Katerina, a woman of Russian origin, has lived for many years in Mestre, a large town in the Venetian hinterland. She is 45 years old, has a barely perceptible eastern accent, lives in an apartment on the outskirts of the city and teaches in an elementary school. Her memories take us back to the day she met Giuseppe Bassi, a sprightly centenarian who took part in the Russian Campaign during World War II.
Katerina retraces the times she met with Giuseppe and brings to mind the moments they shared, his words and his story that, little by little, takes shape in her story-telling.
Giuseppe Bassi: a man with blue and smiling eyes that tell a painful journey through time in a cold and searing Russia between 1941 and 1946.
The last century generation that can still meet the gaze of contemporary generations.
Giuseppe Bassi was born in Villanova di Camposampiero in 1919. He is one of the few survivors of the Italian Campaign in Russia.
In February 1942, he arrived in Russia as Second Lieutenant of the 120th Motorized Artillery Regiment, Celere Division.
Captured by the Soviets on Christmas eve 1942 in Arbuzovka, the "valley of death", he was imprisoned in Tambov, Oranki and then Suzdal. After breathing the cold of four winters, he returned to Italy in the summer of 1946.
Today he is 101 years old and has a clear mind, vivid memories and an intense spirit.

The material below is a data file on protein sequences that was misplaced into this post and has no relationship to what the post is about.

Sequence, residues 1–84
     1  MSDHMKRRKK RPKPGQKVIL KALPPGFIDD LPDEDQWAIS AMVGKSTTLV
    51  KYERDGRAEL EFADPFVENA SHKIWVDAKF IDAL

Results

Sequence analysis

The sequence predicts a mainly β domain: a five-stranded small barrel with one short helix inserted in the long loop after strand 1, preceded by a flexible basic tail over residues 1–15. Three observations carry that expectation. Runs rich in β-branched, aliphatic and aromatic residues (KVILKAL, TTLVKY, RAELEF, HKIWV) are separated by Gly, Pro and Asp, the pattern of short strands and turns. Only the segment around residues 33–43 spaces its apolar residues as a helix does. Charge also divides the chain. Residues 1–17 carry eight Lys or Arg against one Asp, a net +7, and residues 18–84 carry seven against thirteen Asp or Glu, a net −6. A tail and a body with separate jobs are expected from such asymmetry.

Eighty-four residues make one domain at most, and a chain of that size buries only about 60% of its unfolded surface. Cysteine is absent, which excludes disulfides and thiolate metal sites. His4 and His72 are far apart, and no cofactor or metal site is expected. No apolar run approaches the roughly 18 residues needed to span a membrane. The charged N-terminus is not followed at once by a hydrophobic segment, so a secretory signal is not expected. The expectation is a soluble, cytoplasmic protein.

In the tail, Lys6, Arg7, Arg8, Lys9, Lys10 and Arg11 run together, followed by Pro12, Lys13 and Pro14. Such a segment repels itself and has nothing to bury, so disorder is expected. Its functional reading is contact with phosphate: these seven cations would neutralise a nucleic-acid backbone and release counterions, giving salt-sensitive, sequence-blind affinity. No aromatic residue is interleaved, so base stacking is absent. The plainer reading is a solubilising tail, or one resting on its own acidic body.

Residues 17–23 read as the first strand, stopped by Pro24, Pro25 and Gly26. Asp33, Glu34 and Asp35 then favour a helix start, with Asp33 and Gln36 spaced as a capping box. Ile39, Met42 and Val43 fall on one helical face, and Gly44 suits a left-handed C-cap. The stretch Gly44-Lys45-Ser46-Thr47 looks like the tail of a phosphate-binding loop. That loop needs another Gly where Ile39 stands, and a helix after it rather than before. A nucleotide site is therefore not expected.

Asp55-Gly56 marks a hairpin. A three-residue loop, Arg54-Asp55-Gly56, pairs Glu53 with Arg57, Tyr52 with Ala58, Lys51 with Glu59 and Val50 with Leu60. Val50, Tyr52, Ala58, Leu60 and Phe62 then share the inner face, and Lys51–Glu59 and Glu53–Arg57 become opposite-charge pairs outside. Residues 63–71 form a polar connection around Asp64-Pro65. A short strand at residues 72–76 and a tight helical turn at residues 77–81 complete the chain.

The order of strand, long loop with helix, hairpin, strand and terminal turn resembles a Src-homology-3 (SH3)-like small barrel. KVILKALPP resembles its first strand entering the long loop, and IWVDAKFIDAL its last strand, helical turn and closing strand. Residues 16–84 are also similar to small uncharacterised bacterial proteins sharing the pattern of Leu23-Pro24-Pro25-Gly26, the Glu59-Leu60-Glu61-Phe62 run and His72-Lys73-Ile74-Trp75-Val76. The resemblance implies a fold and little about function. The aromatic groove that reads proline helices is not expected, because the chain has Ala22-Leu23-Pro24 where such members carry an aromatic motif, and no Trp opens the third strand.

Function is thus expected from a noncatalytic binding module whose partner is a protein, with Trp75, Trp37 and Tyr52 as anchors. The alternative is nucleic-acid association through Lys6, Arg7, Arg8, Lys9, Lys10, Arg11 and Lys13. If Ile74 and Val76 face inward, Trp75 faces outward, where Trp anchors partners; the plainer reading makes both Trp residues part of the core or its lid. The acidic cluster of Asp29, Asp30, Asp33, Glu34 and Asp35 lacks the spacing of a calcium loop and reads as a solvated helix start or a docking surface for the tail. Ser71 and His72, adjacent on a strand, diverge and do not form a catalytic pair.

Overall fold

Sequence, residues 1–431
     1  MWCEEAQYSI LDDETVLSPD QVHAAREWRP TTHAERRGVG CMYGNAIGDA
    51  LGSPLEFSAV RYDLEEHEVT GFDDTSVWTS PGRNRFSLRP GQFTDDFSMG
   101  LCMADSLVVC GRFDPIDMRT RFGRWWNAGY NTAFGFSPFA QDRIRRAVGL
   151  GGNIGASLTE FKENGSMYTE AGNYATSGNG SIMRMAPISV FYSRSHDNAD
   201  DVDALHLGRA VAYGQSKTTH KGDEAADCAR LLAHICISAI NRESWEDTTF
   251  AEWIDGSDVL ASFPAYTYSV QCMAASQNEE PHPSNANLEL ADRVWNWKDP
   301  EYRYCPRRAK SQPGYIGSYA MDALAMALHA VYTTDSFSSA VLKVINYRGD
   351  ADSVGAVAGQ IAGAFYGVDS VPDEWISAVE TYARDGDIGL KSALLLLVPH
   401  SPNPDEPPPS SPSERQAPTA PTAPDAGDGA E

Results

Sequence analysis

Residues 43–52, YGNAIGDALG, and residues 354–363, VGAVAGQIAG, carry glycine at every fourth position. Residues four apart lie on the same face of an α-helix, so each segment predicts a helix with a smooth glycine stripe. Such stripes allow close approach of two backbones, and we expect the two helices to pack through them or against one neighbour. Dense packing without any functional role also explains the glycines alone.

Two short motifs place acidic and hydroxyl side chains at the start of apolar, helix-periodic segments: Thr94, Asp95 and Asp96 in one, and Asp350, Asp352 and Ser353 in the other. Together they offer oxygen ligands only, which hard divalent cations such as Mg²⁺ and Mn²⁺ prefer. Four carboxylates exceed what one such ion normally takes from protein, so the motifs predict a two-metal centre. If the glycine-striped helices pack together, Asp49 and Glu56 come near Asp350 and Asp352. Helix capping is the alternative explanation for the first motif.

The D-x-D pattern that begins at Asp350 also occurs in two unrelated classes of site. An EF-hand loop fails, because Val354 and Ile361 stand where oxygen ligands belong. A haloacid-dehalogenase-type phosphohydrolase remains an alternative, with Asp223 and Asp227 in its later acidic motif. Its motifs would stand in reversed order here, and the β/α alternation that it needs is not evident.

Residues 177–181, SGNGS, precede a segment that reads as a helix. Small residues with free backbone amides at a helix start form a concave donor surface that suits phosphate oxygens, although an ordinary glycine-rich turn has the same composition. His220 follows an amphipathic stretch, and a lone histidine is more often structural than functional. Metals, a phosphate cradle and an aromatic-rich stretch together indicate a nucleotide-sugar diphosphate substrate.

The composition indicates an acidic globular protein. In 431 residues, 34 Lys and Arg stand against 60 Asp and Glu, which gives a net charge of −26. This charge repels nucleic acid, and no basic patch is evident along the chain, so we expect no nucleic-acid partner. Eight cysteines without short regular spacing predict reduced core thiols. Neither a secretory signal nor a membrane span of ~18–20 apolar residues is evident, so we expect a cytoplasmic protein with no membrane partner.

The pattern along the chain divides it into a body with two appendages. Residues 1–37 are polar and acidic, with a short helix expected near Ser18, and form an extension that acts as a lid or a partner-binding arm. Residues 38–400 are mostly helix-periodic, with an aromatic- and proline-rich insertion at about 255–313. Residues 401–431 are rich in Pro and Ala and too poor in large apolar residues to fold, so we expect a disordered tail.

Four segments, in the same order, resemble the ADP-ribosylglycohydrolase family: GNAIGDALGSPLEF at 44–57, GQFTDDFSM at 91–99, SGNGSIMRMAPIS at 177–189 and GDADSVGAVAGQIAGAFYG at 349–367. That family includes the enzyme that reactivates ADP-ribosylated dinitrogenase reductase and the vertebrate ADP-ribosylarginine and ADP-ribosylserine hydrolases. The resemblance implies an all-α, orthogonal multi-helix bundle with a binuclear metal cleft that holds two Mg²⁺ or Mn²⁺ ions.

A man whose life was turned upside-down in December of 1942, when he lost his freedom and became a "slave without dignity”. After his capture, endless marches in an icy winter began. Without food or water, eating snow, a few crusts of bread and pieces of iced vegetables furtively picked from the fields, Bassi and the other prisoners endured endless hours of walking, with equally endless suffering.
In the frosty nights of the marches, many did not make it, their bodies became as hard as marble, and many died silently without even realizing it, surrounded by frost. Others were shot only because they collapsed to the ground, exhausted.
After his capture, Giuseppe and the others were deeply tried by the marches and the long journeys on freight trains in inhumane conditions, as well as by the imprisonment in Tambov and Oranki.
Resignation and pain overwhelmed so many men. However, Bassi endured, always. Of the 70,000 Armir soldiers who were made captive in Russia, only 14% managed to return home. An even more dramatic tragedy when compared to the percentage of Italian soldiers returning from other European countries, which is normally between 91% and 99%.
In the camps, hunger becomes "a real disaster" and the relationship with food obsessive. Men become skeletons and increasingly obsessed with getting something to eat. The stories of the survivors who came from other camps, especially those from Hrenovoe, told of madness and horrors, episodes of cannibalism, where any trace of humanity ceased to exist. In this universe of nothing, there were few glimmers of light…
Typhus, lice and malnutrition exterminate the most. In 1943, many died, but Bassi was as strong as a bull. One of the only seven prisoners who never got sick.
Searches, forced labour, threats, humiliation and the risk of being killed for trivial reasons. Everyday life unfolded around fear, fatigue and nothingness.
Being always at the mercy of the winner, a slavery made up of orders and discipline. A prison that no one could leave if not dead.